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Lean and tender French-cut venison rack roasted in a maple, thyme and garlic reduction, paired with roasted carrots and pearl onions and served over a creamy, cheesy cranberry-thyme polenta. 

Maple-Roasted Rack of Venison with Cranberry Thyme Polenta

I received complimentary samples of venison for participation in Marx Foods Venison Recipe Challenge. By posting this recipe, I am eligible to win prizes associated with this contest. 

A couple weeks ago, my friends over at Marx Foods reached out to me to see if I was interested in entering their Venison Recipe Challenge. I’ll admit, at first I was hesitant. I’d never cooked venison before. Luckily, I have a Dad who loves game meat and was interested in helping me come up with a recipe! I was excited to try out the rack of venison I received! 

Venison is a traditional fall and winter meat because it’s rich game flavor pairs well with staple fall and winter ingredients, like apples, pears, and red wine. It’s perfect for this time of year. For this challenge, we were tasked with creating delicious venison dishes that focus on fall and winter flavors.

I received a 2.2 lb Frenched rack and 8 small venison medallions. This particular venison is from a farm in New Zealand, and according to Marx Foods, is prized for its lean yet tender cuts, robust flavor, and excellent animal husbandry standards. Its flavor is elegant and less intense than wild venison, so it lends itself well to many different flavor combinations. Venison is very game-y (like lamb or dove) so you have to flavor and pair ingredients well when cooking.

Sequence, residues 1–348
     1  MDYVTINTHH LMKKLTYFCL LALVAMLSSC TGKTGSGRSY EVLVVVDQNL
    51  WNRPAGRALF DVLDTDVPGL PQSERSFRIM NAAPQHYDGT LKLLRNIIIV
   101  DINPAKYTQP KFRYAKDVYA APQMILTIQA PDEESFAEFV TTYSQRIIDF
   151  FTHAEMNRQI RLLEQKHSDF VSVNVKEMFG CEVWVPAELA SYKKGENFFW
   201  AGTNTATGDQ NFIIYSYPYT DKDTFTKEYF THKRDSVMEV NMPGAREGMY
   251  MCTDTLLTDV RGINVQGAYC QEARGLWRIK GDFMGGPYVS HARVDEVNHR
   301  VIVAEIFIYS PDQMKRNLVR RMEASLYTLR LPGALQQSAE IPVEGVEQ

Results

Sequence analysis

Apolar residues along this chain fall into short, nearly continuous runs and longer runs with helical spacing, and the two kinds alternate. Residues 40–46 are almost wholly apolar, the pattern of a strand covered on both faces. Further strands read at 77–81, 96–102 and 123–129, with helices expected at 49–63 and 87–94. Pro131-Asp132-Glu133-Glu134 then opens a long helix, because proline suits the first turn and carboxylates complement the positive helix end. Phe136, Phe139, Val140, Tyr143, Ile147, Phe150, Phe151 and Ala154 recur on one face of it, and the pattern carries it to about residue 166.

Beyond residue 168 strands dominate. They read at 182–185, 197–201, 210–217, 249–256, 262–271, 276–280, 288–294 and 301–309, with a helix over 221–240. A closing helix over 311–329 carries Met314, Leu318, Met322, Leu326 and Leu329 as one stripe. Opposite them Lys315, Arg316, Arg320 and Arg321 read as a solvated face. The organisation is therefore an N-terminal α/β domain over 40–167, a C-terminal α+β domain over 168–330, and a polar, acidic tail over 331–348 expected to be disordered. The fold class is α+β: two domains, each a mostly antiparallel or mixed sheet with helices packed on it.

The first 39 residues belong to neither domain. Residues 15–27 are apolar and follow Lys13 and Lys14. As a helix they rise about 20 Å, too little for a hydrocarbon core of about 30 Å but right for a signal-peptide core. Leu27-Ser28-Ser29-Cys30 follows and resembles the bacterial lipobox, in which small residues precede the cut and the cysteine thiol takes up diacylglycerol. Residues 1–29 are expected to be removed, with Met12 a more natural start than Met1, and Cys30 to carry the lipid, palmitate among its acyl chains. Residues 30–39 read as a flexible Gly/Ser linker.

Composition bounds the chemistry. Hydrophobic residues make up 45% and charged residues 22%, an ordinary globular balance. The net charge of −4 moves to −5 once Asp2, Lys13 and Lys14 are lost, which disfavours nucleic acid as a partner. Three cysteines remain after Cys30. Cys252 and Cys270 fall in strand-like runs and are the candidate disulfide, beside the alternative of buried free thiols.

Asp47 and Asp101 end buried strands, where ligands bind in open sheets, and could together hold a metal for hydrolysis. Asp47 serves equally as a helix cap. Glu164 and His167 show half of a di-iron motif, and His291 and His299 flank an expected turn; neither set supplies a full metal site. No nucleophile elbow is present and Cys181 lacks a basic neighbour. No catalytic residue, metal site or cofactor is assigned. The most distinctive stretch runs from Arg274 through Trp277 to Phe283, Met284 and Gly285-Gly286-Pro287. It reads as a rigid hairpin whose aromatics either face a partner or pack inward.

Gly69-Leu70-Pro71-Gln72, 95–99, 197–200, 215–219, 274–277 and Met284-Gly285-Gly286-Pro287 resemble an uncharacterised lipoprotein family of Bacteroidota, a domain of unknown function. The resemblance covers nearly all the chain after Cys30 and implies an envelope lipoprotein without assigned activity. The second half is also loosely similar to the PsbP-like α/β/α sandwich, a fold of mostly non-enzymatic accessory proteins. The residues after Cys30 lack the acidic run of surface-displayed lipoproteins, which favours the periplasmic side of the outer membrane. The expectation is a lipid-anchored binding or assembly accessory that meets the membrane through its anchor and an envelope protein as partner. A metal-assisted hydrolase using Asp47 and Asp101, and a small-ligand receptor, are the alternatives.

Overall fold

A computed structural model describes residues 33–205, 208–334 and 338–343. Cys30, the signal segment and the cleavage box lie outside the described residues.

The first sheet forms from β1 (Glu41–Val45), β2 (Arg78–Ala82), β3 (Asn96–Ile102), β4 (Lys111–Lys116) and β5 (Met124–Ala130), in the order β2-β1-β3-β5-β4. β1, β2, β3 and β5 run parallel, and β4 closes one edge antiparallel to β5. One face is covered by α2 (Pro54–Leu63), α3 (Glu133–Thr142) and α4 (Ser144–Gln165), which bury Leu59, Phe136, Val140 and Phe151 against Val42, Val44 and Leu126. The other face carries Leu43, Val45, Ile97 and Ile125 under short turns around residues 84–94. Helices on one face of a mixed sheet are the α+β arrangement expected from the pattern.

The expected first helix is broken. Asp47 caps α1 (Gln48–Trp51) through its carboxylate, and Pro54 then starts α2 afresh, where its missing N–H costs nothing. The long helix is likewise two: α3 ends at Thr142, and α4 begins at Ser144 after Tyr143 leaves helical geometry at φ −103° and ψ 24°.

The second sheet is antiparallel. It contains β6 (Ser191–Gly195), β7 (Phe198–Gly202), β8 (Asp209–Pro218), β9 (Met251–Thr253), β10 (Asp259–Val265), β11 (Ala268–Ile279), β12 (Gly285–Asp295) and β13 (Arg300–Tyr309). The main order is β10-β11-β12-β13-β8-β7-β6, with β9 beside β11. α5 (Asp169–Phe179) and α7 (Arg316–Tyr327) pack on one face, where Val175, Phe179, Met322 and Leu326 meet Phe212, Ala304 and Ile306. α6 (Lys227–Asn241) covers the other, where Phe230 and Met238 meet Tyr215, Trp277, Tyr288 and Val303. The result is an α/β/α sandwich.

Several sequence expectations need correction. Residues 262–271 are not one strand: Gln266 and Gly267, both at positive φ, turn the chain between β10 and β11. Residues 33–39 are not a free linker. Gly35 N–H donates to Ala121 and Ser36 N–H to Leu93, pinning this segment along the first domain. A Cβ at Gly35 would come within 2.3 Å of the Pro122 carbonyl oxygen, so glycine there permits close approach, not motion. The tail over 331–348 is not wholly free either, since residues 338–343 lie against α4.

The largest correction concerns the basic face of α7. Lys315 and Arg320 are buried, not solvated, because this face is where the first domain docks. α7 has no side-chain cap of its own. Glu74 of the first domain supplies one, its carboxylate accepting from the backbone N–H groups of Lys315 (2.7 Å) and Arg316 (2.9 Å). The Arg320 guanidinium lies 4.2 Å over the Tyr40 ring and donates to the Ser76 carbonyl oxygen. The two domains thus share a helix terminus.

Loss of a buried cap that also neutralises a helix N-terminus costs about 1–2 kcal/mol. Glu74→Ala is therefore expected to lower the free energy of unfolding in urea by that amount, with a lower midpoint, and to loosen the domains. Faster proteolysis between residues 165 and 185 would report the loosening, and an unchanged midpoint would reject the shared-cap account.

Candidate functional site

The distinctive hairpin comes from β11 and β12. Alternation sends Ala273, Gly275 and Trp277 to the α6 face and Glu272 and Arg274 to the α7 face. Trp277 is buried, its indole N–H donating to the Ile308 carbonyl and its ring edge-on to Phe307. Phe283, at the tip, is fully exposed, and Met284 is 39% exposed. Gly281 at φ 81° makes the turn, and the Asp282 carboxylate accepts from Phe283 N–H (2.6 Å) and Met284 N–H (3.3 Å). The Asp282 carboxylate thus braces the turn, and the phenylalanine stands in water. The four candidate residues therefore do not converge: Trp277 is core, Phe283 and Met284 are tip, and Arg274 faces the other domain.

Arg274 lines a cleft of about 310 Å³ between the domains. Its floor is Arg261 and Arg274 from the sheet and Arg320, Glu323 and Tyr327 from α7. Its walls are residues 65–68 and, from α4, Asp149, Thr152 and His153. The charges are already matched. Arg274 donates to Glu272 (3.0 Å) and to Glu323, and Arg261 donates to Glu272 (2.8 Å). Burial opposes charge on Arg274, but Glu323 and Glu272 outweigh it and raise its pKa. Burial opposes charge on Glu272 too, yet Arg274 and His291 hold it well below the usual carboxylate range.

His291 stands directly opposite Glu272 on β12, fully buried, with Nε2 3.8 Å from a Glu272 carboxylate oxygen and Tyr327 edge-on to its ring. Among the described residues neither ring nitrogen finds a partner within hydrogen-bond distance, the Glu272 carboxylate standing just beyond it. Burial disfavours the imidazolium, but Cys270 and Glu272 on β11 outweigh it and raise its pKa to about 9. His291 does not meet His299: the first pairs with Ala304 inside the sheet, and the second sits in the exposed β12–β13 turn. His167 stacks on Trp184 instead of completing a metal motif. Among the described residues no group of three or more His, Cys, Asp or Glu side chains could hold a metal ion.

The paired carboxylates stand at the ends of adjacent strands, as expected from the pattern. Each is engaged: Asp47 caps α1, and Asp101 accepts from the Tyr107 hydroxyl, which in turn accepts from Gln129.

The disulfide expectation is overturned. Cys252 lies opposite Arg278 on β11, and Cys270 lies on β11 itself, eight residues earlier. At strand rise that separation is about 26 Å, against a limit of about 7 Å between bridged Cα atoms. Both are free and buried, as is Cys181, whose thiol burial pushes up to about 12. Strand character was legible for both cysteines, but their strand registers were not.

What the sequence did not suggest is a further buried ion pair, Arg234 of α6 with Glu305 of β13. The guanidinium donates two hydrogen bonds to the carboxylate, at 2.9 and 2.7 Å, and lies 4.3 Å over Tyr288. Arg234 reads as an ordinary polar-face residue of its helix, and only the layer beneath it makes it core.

Their biggest tip? Don’t overcook it! Marx Foods suggested serving it rare or medium rare. 

Maple-Roasted Rack of Venison with Cranberry Thyme Polenta

Because venison doesn’t have much fat, you have to be careful how you cut its richness. The addition of fruit (sweet) or vinegar (tangy) helps give flavor without overpowering. When doing research on venison (and using my Flavor Bible— best thing ever), I took note that flavors of onions, wine, stock, butter, shallots, thyme, and sweet fruits paired best. 

For this recipe, I chose a maple, thyme and garlic sauce/glaze to roast the rack and the vegetables in. The veggies soak up the maple flavor and juice from the roasting meat and taste amazing. The pearl onions puff up and are so moist and juicy! The cranberry-thyme polenta adds a creamy, sweet flavor. When served under the venison rack, the polenta soaks up some of the meat juices and that’s where you can notice the magical pairing. Venison + sweet + salty + fruity. 

I am not usually a fan of this rare of meat, but I’ll have to admit that venison definitely does have to stay on the rare side. If you overcook it, venison gets tough. My Dad, brother and I all tried this dish and it was amazing. The venison, polenta and roasted veggies really tie in well together. 

Here’s the recipe for the Maple-Roasted Rack of Venison with Cranberry Thyme Polenta:  

Maple-Roasted Rack of Venison